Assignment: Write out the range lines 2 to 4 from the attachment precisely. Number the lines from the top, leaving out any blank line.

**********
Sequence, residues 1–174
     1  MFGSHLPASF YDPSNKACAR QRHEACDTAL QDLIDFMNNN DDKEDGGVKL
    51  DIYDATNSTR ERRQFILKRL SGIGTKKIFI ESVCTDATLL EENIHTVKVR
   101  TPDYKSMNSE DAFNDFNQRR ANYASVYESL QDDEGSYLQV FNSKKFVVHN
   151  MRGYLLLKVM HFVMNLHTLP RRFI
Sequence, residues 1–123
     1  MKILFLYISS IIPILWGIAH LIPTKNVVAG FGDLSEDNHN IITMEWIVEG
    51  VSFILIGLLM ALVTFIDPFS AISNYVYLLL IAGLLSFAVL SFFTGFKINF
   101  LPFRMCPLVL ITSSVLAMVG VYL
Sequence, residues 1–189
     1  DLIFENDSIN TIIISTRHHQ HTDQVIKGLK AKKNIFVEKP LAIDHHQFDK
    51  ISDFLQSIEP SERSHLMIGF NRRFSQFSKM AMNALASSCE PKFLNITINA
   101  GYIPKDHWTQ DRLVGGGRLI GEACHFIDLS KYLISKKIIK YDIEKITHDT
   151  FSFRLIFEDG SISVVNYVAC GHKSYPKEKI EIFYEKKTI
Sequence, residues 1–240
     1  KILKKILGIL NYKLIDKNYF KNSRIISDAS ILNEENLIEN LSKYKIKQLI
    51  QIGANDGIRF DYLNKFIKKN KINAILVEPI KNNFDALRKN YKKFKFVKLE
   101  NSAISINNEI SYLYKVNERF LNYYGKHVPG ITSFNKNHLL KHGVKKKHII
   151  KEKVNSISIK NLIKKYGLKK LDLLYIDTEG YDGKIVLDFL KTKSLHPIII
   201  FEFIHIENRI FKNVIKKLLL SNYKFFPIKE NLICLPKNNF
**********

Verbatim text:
     1  MFGSHLPASF YDPSNKACAR QRHEACDTAL QDLIDFMNNN DDKEDGGVKL
    51  DIYDATNSTR ERRQFILKRL SGIGTKKIFI ESVCTDATLL EENIHTVKVR
   101  TPDYKSMNSE DAFNDFNQRR ANYASVYESL QDDEGSYLQV FNSKKFVVHN